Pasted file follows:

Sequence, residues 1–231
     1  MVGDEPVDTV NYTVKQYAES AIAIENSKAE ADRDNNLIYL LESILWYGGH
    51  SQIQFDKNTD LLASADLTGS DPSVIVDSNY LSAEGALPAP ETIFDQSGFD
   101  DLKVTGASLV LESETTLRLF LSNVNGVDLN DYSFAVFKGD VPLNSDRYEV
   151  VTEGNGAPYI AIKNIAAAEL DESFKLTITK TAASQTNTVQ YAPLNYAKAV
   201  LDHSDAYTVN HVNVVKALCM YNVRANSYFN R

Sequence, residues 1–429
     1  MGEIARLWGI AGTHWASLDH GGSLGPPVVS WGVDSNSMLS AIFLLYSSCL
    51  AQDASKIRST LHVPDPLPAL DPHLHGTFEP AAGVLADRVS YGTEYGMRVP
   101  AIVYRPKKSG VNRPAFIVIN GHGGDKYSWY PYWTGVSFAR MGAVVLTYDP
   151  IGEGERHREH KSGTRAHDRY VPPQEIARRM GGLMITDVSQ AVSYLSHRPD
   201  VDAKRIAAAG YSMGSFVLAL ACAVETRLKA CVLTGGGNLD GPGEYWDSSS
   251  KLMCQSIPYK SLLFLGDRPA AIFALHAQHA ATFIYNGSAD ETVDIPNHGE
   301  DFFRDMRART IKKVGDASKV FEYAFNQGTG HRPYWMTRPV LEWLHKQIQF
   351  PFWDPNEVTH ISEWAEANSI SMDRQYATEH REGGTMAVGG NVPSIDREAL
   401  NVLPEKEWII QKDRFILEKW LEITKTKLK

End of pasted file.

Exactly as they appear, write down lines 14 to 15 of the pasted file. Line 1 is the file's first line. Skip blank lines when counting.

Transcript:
   301  DFFRDMRART IKKVGDASKV FEYAFNQGTG HRPYWMTRPV LEWLHKQIQF
   351  PFWDPNEVTH ISEWAEANSI SMDRQYATEH REGGTMAVGG NVPSIDREAL